special to The Star



LIVINGSTON, Ala. — The University of West Alabama begins its annual Fulbright Lecture Series as Israeli scholar Dr. Anat Rosenthal presents a public lecture, “Israel: Land and People” on Nov. 2 at 6 p.m. in the Callaway Schoolhouse, with a reception following in the Spence-Moon House.

Hosted by the College of Liberal Arts, Rosenthal is a Fulbright research fellow in the Department of Global Health and Social Medicine, Harvard Medical School. She has conducted fieldwork in Israel and Malawi on the social and cultural effects of HIV/AIDS, health policy and undocumented migration. Her current research focuses on the impact of AIDS on kinship systems and social institutions and the strategies rural communities adopt to cope with orphans and vulnerable children, and on the impact of the role-out of ART in rural Malawi on clients and health professionals.

She received her doctorate in anthropology from the Hebrew University of Jerusalem. Her published work focuses on migration and health; health policy and HIV care; research methods and HIV/AIDS in rural communities in Malawi.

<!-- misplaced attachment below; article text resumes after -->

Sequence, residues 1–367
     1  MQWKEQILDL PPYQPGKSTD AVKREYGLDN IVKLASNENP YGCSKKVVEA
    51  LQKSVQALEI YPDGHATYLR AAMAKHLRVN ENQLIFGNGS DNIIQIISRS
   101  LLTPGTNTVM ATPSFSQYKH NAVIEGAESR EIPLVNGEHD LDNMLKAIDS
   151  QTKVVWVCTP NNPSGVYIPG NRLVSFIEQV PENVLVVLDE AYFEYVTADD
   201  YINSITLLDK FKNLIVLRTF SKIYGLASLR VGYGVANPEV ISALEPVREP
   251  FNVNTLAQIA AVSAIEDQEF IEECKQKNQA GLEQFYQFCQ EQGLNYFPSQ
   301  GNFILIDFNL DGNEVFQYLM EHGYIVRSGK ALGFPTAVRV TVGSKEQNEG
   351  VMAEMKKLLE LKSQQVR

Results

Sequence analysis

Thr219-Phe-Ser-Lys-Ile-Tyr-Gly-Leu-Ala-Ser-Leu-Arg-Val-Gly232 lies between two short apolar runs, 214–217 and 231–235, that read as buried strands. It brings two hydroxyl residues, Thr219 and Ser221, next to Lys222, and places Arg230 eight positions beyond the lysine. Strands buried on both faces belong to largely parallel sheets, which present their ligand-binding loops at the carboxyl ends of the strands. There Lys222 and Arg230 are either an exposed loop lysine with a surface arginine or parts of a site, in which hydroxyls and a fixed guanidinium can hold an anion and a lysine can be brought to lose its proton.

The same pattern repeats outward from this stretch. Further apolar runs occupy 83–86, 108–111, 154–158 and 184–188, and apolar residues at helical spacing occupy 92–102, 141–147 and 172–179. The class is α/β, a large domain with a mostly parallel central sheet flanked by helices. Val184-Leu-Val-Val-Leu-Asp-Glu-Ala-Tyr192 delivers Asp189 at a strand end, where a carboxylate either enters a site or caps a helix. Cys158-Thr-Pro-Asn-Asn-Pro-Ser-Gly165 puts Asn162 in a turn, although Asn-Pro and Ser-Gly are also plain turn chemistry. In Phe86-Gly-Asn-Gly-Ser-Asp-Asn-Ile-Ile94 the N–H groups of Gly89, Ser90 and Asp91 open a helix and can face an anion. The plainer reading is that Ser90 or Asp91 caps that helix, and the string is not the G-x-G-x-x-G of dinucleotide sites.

“At UWA, we are fortunate to bring to campus scholars from other cultures, allowing us to gain an understanding of the diverse societies in our world,” said Dr. David M. Taylor, Provost. “As we celebrate the institution’s 175th anniversary in 2010, we want to commemorate the rich experiences offered at UWA. We are delighted to begin our fifth Fulbright Lecture Series with such a distinguished scholar.”

Rosenthal is one of approximately 800 foreign scholars chosen this year to lecture, conduct research and participate in seminars in the United States through the Fulbright Scholars Program. In addition to the public program, she will address classes and work one-on-one with UWA faculty and students during her stay in Livingston.

The UWA Fulbright Lecture Series continues this spring with visiting scholars from around the world addressing a variety of topics. Admission to all Fulbright Lecture Series presentations is free. For more information, call (205) 652-3892.

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